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Italian Sausages

Italian Sausages

Download the recipe PDF. View the YouTube video.

Makes 10 to 12 links, depending on size.
By Dennis W. Viau; modified from a recipe in Mastering the Craft of Making Sausages by Warren R. Anderson.

I had been wanting to experiment with making sausages at home for several reasons: I can control the amount of fat, avoid chemicals, and season them the way I want. The equipment is expensive (if you buy the good stuff), but the project is fun and satisfying. These sausages use no nitrates or other preservatives; therefore, please read the Notes at the end.

The ingredients vary among recipes. Personally, I prefer a simple combination of salt, pepper, and anise or fennel seeds in my Italian sausages.


1 or 2 hog casings
2½ pounds (1.1kg) pork shoulder, preferably about 20% fat
Seasonings and other ingredients:
2¼ teaspoons salt
2 teaspoons black pepper, coarsely ground
2 teaspoons ground coriander
2 teaspoons anise seeds, cracked or ground
2 teaspoons fennel seeds, cracked or ground
1 teaspoon garlic powder
1½ teaspoons paprika
¼ teaspoon cayenne (optional, more if you like your sausages hot and spicy)
¾ teaspoon thyme, ground or whole
1/8 teaspoon bay leaf, ground
¼ cup (60ml) lemon juice
3 tablespoons light corn syrup
½ cup (40g) dry "instant" milk powder
¼ cup (60ml) cold water


If possible, store your meat grinder in the refrigerator overnight. The cold will help the fat in the meat pass through the grinder more easily. (This works best if the grinder is all metal.)

To prepare the pork for grinding, cut it into 1-inch (2.5cm) cubes. Placing it in the freezer for 15 to 20 minutes will help it pass through the grinder better. Grind the pork with a medium (8mm) or smaller plate, then refrigerate the ground meat while you prepare the spices.

Combine the seasonings and other ingredients in a large bowl. Add the ground meat and gently mix thoroughly with you hands. Wear a rubber glove if you want to keep the fragrance of the spices out of your skin. Don’t crush the meat with your hands, just mix gently for a few minutes until the seasonings are thoroughly and evenly distributed. Cover the bowl and refrigerate 2 to 3 hours to let the seasonings flavor the meat. Or refrigerate overnight. (Assemble your grinder/sausage stuffer and refrigerate it.)

Prepare the hog casings by removing from the package, rinsing well, and then soaking in clean water for 30 to 45 minutes. Rinse again and run plenty of water through the casings to rinse the inside.

Carefully thread the casing onto your grinder’s sausage tube, leaving about an inch hanging off the end of the tube. Start pushing the seasoned meat through the grinder and stop when the meat starts to enter the casing. Tie the casing closed with a piece of kitchen twine, pushing out the excess air.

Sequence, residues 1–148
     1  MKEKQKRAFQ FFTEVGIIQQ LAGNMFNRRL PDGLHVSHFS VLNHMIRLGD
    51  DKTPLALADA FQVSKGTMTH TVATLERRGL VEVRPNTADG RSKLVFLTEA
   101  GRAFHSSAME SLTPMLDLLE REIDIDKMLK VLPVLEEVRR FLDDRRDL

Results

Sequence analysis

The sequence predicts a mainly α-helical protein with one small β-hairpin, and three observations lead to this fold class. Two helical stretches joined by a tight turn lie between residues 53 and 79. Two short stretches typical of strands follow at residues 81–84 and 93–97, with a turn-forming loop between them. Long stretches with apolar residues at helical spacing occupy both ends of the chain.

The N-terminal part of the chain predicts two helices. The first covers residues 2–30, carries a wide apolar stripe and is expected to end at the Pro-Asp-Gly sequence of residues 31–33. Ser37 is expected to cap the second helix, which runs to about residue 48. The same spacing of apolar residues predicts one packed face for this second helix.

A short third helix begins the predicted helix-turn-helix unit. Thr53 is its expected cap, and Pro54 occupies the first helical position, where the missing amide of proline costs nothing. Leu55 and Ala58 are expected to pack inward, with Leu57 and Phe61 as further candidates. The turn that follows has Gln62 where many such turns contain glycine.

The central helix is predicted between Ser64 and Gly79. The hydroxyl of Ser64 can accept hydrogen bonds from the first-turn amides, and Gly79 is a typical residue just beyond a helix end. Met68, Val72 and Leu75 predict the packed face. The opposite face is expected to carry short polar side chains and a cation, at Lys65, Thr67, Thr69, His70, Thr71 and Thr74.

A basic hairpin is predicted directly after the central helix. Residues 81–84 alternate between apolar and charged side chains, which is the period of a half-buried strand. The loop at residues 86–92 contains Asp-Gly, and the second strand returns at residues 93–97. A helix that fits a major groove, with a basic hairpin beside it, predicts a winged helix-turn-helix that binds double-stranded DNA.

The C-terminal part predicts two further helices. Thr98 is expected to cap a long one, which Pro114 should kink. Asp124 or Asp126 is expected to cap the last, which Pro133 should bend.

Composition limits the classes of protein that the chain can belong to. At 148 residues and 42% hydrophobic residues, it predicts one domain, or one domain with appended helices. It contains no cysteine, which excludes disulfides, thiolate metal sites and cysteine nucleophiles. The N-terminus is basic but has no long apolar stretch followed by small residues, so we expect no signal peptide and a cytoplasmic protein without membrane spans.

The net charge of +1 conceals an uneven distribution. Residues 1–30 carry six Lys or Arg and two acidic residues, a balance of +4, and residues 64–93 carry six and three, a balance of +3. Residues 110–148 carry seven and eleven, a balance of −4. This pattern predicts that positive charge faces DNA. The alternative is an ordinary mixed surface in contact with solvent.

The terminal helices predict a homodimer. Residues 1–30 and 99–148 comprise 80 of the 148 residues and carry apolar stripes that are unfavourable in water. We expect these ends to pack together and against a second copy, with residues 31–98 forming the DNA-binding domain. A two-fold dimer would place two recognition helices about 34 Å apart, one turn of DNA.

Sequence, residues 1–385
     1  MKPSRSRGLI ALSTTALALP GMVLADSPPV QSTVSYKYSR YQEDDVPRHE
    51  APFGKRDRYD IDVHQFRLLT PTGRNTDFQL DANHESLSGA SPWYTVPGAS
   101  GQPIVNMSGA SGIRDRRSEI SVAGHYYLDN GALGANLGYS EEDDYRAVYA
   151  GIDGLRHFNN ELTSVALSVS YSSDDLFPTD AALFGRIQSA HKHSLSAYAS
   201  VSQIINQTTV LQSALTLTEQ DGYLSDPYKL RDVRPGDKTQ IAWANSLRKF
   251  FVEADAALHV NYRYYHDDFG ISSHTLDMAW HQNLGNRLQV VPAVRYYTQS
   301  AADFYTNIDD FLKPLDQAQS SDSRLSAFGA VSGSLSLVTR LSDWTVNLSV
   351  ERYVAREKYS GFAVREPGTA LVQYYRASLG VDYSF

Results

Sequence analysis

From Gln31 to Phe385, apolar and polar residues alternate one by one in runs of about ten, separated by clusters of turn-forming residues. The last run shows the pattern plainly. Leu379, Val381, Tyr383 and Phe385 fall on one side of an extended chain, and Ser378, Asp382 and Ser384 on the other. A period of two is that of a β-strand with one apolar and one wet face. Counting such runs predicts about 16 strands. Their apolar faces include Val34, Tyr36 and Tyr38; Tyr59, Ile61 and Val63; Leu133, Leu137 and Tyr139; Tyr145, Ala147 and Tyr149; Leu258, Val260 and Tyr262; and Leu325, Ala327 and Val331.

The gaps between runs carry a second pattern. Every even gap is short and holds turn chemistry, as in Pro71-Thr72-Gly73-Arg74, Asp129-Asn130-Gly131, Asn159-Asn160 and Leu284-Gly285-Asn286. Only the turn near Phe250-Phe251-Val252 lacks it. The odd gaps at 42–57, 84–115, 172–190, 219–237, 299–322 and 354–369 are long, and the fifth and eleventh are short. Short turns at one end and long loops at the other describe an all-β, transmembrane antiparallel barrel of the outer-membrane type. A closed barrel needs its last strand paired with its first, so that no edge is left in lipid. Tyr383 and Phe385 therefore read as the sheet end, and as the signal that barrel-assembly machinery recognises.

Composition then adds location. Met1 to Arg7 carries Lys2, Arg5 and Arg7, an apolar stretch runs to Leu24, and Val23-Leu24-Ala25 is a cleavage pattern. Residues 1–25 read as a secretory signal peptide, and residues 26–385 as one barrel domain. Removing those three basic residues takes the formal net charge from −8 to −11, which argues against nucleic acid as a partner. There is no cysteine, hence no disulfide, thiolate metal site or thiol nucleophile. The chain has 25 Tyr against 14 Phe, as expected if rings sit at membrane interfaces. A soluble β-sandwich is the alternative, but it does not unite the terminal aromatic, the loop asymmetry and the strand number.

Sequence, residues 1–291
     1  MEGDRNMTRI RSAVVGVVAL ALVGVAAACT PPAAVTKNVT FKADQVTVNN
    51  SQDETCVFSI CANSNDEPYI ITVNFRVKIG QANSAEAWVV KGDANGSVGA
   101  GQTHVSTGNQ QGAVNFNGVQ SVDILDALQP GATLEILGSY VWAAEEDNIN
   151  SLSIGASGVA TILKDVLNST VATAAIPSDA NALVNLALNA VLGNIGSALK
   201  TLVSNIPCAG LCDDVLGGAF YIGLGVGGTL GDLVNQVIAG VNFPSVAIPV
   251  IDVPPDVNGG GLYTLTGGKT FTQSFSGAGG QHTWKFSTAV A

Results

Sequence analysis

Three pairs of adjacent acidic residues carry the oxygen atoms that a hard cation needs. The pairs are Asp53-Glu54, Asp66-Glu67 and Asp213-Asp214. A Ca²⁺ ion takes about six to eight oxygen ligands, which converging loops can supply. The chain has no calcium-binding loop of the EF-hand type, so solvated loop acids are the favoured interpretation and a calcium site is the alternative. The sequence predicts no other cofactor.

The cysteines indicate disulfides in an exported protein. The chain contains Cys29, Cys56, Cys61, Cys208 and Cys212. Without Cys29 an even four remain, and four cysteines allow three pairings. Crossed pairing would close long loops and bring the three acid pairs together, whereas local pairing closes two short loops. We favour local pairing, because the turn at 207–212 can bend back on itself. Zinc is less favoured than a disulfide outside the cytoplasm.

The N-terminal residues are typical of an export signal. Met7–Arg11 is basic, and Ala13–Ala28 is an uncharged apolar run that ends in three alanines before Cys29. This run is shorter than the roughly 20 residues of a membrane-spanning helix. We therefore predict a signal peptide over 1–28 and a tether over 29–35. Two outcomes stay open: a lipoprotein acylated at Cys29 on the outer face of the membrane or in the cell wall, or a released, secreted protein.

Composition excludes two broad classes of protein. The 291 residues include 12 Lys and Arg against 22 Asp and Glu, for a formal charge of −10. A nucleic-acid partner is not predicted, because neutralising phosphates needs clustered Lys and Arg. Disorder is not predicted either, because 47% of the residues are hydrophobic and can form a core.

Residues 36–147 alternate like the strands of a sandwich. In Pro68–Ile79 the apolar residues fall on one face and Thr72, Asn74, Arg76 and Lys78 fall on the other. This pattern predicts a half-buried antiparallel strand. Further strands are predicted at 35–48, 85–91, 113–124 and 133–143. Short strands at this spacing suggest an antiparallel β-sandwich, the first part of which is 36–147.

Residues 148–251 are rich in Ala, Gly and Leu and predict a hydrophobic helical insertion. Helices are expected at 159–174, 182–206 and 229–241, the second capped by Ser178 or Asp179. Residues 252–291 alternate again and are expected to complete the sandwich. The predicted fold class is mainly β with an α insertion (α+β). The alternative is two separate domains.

Continue stuffing the casing(s), filling each casing to a smooth rounded shape without filling it so much that the skin will burst. When you get to the end, tie it off with another piece of string.

To shape links, squeeze the filling casing in two places about 5 inches (13cm) apart and twist the link in between a couple times. Pierce air pockets with a pin to squeeze excess air as you continue shaping links.

Refrigerate an hour or two to let the meat rest, then cut and cook, cooking the sausages thoroughly. They can be refrigerated up to 2 days. For longer storage, freeze them.


Bacteria can be an important consideration with all ground meat. A solid roast, such as a leg of lamb, has most of its bacteria on the outside surface. You kill the bacteria when you brown the meat and/or roast it in a hot oven. Therefore, the meat is safe to eat rare or medium-rare. Ground meat has the bacteria distributed throughout the meat. Therefore, it must be cooked all the way through, preferably to a temperature of at least 160°F (71°C) to be safe for eating.

Natural hog casings are the skin from the digestive track of hogs. Yes, intestines. The skin has been properly cleaned and well salted for preservation. Be aware that casings have a “characteristic” odor—they smell like rotten fish. They’re safe. After soaking and rinsing, the odor will be almost completely gone. Think of it this way: Some of the cheeses we love also have a characteristic odor, but we eat them anyway.

20% fat in the pork is recommended. However, you can use leaner pork. The sausages will be denser and be less juicy, but they will be healthier to eat. I prefer leaner sausages. Don’t avoid all fat; the sausages would be dry and tough to chew—not at all enjoyable.

I have a second coffee grinder that I use for grinding spices. The grinders are inexpensive and useful when you can only find whole spices, such as fennel seeds.

If you want to seriously take up the craft of making your own sausages, I highly recommend books such as Mastering the Craft of Making Sausages by Warren R. Anderson and the Complete Sausage Book by Bruce Aidells. They contain a wealth of important and useful information. They are available on Amazon.

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